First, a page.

As stated in our research questions we wanted to test if his impact (if he had any) was different for big and small companies. However, the quotes about smaller companies are not enough to make an analysis of his impact on them. One can think before this study that his impact would be significant on larger companies, except maybe Tesla, where he has an important role and therefore probably a direct impact. Interestingly enough, Tesla is also the company that had the most significant result in the Mann-Whitley U test. One can also take into consideration that Elon Musk usually uses Twitter when he utters an opinion about different companies. Unfortunately, Quote Bank does not take into account the tweets, as said at the beginning.

However, the following study proves that when taking the covariates that we defined, Elon quotes don't have an impact on the stock price regardless of the sentiment score of the quote.

Future work

There were things that we were not able to do, due to time limits as well as other reasons, such as some limitations with Quotebank. But there are still a lot of interesting things that we could have looked at. We will list some of the stuff we think that could be interesting to look at in the future.

For the observational study, we could have added more covariates, or taken a larger set of controlled companies to have a better matching. But as noticed, the propensity scores are not very similar for the matched companies. One can think of improving the propensity score model to have a more accurate score. There is also a large data missing or not available, for example, we tried to match Tesla with Rivian for example, but like for a lot of other companies they were either private or only had too recent stock prices.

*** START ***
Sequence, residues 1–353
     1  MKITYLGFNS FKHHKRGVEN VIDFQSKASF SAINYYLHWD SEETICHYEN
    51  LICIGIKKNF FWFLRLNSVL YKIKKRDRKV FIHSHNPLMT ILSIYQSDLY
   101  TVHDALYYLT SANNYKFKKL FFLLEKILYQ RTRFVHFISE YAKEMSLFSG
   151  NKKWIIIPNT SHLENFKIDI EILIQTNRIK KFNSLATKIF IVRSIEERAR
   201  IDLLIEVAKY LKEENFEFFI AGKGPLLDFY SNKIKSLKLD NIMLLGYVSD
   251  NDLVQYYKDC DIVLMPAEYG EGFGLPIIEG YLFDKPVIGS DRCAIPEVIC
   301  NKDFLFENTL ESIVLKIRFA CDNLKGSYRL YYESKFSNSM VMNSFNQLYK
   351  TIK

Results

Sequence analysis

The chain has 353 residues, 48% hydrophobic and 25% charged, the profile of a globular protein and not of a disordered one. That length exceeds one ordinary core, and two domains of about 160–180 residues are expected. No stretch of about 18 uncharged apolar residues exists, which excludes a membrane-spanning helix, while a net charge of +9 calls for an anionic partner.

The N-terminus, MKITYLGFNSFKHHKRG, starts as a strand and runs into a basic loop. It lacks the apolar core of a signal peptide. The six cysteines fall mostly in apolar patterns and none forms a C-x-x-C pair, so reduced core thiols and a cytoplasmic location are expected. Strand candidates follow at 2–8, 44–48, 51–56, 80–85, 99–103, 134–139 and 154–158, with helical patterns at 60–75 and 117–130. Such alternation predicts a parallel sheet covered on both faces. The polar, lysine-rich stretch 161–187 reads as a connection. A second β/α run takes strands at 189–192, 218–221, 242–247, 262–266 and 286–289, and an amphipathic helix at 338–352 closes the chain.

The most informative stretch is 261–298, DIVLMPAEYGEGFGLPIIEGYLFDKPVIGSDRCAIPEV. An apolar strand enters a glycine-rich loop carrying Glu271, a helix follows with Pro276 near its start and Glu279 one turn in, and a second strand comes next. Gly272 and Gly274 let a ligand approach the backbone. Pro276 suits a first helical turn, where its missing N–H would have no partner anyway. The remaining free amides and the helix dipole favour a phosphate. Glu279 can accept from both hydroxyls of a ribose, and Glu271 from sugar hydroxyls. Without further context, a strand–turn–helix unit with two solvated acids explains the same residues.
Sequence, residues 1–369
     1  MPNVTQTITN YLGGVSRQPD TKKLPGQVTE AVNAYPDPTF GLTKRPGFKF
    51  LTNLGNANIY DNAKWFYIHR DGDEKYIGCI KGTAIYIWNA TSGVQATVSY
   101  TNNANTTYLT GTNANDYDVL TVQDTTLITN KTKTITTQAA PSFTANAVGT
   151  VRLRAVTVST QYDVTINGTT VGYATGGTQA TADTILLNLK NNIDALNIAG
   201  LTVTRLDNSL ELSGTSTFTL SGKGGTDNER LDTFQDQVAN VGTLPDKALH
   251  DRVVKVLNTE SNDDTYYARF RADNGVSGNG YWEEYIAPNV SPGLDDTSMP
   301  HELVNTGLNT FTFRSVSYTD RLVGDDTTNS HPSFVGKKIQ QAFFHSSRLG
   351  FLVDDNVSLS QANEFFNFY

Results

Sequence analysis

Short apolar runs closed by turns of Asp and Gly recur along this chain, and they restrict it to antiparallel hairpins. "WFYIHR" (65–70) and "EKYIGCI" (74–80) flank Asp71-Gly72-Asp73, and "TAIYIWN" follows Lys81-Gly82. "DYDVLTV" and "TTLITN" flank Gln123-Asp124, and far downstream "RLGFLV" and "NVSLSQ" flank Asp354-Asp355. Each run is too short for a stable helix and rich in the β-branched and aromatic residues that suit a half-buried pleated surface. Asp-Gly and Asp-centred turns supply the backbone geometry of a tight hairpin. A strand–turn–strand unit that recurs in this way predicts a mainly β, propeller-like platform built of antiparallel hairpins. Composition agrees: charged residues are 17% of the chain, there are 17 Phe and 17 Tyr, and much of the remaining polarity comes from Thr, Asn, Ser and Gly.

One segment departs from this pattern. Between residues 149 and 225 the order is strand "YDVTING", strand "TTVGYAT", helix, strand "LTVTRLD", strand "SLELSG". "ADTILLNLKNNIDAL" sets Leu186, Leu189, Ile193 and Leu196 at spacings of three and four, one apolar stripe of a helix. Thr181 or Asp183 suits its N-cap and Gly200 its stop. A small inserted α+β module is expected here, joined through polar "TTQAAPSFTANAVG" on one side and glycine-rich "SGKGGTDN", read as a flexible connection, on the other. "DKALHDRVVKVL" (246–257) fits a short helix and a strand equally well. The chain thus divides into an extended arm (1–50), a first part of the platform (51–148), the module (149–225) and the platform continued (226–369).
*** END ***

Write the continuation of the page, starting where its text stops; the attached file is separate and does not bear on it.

We were not able to get historical prices for cryptocurrencies which was very unfortunate for the data story. Therefore we was not able to look at Elon's effect on cryptocurrencies. We tried to use CoinMarketcap's API, the most popular API for cryptocurrency, but unfortunately we needed a paid subscriptions in order to obtain the historical data. The error message stated this: "Your API Key subscription plan doesn't support " 'this endpoint.'

As we briefly mentioned earlier, we were unfortunately not able to look at if Musk had a bigger impact on smaller companies compared to big companies, so-called large-cap companies, due to the fact that Quotebank did not contain quotes about smaller companies.

We also wanted to look at if Elon's impact changed over the years. However, we did not have time to look into that.